[The power is out in my locale — has been for much of the day — and now this laptop’s batteries are dying, so I may not continue this until tomorrow. Keep on keepin’ on!]

Back on the grid, now.

I’ll close-out for tonight, with a fun piece of trivia: Last week, I wrote this:

. . . .If, for very rough-estimation purposes, we were to similarly value [CEO Hassan’s] most-recent May 2008 option grant of 836,000 shares, in the way the 2007 proxy has valued some of his earlier, as yet unvested, stock option grants, we would learn that this latest grant has an unvested fair value (at date of grant) of a total of something like $9,129,621. Of that amount, $1,391,510 is the value that is subject to 2008 performance goals — it may be lost, if he doesn’t perform. The balance, or about $7,768,112, is not subject to any performance based measures, at all — all he has to do is keep his seat for three years [he actually gets one third of the total, on each of the anniversary dates, May 1 of each of the next three years — so it is actually even sooner, for a good chunk of these amounts]. . . .

Now — those are figures I alone had derived (I know, because I looked — and really looked(!) around — before I created them), on the web — in that particular way.

And so, it is with a tremendous sense of pride — that I now show you Paragraph 128 of the Cain v. Hassan, et al. Complaint — which Paragraph calculates a value for Mr. Hassan’s 836,000 shares under a stock option-grant dated May 1, 2008, thus:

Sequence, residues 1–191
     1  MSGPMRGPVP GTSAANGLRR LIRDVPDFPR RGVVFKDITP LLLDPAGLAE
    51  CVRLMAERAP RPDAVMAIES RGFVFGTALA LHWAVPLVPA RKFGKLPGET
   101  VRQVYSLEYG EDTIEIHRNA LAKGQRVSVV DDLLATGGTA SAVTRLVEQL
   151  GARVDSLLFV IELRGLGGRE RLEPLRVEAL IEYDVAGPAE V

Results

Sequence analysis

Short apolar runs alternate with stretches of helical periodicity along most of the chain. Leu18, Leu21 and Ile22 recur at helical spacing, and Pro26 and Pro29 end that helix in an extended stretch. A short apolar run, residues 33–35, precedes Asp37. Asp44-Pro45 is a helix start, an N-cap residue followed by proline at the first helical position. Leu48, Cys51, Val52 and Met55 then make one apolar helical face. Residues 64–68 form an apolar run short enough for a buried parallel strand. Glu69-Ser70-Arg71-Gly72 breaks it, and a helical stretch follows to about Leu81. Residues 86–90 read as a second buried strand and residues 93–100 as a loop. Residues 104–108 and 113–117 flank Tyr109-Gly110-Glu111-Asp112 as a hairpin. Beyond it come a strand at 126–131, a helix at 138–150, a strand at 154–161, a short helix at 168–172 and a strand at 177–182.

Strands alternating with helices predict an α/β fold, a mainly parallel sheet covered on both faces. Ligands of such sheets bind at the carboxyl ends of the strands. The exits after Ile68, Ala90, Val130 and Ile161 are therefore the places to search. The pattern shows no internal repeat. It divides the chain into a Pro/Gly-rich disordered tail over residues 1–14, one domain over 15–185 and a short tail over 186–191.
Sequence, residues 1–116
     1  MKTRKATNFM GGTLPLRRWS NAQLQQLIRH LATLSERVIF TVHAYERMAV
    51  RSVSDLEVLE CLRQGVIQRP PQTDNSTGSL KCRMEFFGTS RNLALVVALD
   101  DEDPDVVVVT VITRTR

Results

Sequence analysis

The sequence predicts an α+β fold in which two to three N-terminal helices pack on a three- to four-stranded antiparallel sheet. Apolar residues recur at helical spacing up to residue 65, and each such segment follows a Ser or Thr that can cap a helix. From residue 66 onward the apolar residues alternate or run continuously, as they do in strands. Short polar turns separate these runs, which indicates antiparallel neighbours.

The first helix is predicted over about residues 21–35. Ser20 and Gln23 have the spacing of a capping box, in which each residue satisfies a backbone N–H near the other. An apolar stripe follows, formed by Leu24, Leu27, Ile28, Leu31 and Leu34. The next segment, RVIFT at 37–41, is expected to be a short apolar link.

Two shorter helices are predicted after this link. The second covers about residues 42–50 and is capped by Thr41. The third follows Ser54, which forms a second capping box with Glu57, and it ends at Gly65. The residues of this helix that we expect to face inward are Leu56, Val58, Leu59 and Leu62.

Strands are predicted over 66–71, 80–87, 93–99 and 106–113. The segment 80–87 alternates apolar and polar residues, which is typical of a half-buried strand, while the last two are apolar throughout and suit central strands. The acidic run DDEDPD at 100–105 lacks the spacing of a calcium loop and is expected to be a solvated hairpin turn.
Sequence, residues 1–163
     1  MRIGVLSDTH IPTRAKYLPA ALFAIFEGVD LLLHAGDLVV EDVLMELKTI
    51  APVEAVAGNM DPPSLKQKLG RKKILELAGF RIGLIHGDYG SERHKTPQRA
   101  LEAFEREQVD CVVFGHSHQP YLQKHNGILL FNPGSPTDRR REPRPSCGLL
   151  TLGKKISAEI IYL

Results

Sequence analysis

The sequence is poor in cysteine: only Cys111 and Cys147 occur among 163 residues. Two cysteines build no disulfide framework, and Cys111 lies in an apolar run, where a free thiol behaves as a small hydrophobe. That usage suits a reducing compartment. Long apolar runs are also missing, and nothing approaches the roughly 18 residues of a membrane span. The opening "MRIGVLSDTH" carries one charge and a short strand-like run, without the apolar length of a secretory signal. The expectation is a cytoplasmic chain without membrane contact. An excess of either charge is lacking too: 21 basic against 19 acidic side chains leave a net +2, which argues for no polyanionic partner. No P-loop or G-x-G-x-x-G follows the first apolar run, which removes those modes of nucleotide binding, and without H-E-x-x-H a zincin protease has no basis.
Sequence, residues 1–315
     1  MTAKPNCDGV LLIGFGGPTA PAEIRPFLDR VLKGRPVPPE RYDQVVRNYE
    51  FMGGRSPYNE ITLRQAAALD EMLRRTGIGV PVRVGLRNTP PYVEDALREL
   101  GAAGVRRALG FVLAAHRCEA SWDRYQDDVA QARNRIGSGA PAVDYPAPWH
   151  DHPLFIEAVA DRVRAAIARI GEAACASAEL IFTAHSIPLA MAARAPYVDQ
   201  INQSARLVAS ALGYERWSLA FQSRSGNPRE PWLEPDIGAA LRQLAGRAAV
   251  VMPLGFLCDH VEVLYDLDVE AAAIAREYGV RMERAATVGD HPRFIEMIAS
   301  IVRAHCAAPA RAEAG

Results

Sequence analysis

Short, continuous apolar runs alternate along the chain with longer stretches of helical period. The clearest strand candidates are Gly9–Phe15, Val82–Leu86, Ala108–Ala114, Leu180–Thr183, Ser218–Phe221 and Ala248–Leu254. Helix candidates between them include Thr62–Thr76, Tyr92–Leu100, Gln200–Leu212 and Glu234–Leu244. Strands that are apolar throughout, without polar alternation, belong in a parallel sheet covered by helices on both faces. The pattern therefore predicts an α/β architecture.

. . . .128. On May 1, 2008, despite the aftermath of the gross mismanagement of the disclosure of ENHANCE study results, the Compensation Committee reviewed defendant Hassan’s performance in “light of corporate goals and objectives” and decided upon affirmance of the Board to give the CEO a discretionary 836,000 share [stock-option] grant at an exercise price of just $18.85, under Schering’s 2006 Stock Incentive Plan. The 836,000 shares [of stock option] grant is valued at approximately $9,130,000 of which about $7,700,800 is not subject to the CEO satisfying any performance criteria. By awarding the CEO this additional compensation in light of his performance in 2007, overseeing the Company’s unethical and unlawful activities, resulting in the tremendous diminution of stock price and value of the Company, the Director Defendants ratified the CEO’s unlawful and unethical conduct. . . .

Well, but for the rounding, those are my figures. Actually, those are my figures, rounded.

And they are correct — correct enough to give a Black-Scholes sense of the value at grant-date. Now, remember, CEO Hassan received that $9 million grant seven days after he flip-flopped, on the First Quarter Earnings Conference Call. Wow.